But keep in mind that unlike other services, Air Force is the only branch whose JAG recruits know their initial base assignment before incurring a service obligation. This means that if you absolutely could not stand the location of the base to which they want to assign you, you can withdraw your application and forgo commissioning altogether. Bolling and Andrews AFB are both large DC area bases which, I'm assuming, have their fair share of JAGs, so going AF doesn't mean bad single life. AF's deployments are also far, far shorter than those of other branches.


TITCR.
Not much time to enjoy San Diego during one's 16 month deployment to Basra.

Air Force can be as great as Charleston, SC or Colorado Springs and as miserable as Enid, Oklahoma. I think lousy duty stations come with each branch, even if that comes in the form of a 6 month ship tour with two thousand other guys on a carrier.

I also have to obviously disagree that lay prestige favors the other branches over Air Force. Obviously Marines have a total hold on being the toughest, but many also consider them a bunch of high-and-tight knuckle draggers. The Air Force may be the Chair Force, but it also the most cutting edge in terms of technology and is neck and neck with the Navy in terms of being the most intellectual.

Obviously there is no talking anyone with prior service or active duty out of their belief that their branch is the best, but I think it is totally baseless to say that lay prestige is far and away in any specific camp.


Last edited by Patrick Bateman on Mon Jun 02, 2008 11:34 pm, edited 1 time in total.

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 Post subject: Re: Military Law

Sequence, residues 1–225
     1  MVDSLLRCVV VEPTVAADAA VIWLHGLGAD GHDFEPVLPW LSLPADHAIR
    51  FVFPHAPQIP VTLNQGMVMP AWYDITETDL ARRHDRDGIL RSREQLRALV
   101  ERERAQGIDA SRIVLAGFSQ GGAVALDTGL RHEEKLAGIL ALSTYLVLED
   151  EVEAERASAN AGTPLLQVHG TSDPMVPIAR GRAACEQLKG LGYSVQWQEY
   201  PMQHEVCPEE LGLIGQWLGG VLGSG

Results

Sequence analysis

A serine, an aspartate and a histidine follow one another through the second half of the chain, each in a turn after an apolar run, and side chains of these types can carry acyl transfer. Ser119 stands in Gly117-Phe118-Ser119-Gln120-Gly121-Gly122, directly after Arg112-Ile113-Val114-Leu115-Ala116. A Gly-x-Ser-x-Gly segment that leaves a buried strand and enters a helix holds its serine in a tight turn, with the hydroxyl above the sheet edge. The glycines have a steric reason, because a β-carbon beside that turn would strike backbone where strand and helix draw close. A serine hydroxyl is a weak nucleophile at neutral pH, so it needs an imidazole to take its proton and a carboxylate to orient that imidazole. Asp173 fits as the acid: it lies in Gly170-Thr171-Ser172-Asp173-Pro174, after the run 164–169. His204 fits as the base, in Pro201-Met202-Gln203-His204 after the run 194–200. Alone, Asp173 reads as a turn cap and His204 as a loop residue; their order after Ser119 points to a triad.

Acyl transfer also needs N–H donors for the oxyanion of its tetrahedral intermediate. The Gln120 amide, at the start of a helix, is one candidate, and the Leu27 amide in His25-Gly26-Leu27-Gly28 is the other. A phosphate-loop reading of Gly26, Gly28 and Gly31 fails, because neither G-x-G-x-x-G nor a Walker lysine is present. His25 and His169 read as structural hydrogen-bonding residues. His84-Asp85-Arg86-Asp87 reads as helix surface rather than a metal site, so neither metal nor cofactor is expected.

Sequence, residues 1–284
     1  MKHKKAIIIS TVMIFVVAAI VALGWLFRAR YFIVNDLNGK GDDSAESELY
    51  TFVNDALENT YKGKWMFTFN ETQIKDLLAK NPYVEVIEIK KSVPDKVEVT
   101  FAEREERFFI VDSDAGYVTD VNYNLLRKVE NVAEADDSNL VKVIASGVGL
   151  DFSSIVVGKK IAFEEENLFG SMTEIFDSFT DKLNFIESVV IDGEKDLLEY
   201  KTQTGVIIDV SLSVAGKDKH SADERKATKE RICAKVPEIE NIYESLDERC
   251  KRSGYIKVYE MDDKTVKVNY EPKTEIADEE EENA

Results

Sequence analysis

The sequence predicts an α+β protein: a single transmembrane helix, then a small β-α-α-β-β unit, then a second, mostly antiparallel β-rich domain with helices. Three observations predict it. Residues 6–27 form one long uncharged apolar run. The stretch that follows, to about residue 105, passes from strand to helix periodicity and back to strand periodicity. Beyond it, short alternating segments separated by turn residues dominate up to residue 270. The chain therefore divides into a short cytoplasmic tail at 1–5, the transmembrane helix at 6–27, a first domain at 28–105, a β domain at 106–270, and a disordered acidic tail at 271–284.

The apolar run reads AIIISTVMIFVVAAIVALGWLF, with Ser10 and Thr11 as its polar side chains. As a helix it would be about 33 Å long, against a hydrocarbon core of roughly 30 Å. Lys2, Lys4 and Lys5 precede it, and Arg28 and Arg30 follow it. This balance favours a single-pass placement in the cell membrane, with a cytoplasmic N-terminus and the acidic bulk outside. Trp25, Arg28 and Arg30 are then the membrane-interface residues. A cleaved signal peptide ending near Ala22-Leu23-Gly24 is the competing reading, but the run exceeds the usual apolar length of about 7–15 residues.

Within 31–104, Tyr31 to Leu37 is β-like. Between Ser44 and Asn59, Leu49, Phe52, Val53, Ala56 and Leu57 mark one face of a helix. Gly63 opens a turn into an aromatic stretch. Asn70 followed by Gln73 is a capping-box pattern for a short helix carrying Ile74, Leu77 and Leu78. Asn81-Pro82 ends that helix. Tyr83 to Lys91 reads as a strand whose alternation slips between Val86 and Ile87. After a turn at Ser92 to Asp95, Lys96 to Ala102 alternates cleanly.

PostPosted: Sun Apr 27, 2008 5:52 pm 
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Patrick Bateman wrote:
Not much time to enjoy San Diego during one's 16 month deployment to Basra.


Also true, but I can tell you from experience life will be better knowing that you can get laid when you get home.


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 Post subject: Re: Military Law
PostPosted: Wed Apr 30, 2008 3:09 am 
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RonSantoRules wrote:
Patrick Bateman wrote:
Short answer, no.
I spent my 1L and most of my 2L OCI convinced I wanted Chicago BigLaw, so I did not even entertain JAG as an option until Sept of my 2L. I have no military background (nor does my family) so I was not 100% exactly what I would be getting into, so I spent my 2L summer with the civilian law clerk program to get my feet a little wet.


Patrick, thanks for the great info in this thread. It actually has inspired me to look further in depth at this. Just curious, what prompted you to look into this field in the first place? It seems a big departure to go from wanting to do Chicago BigLaw to Air Force JAG, so I was curious what put you on this course and if you had talked to anyone previously in the field before your 2L summer. Thanks.


Sorry for the delay on the reply. I somehow missed this one.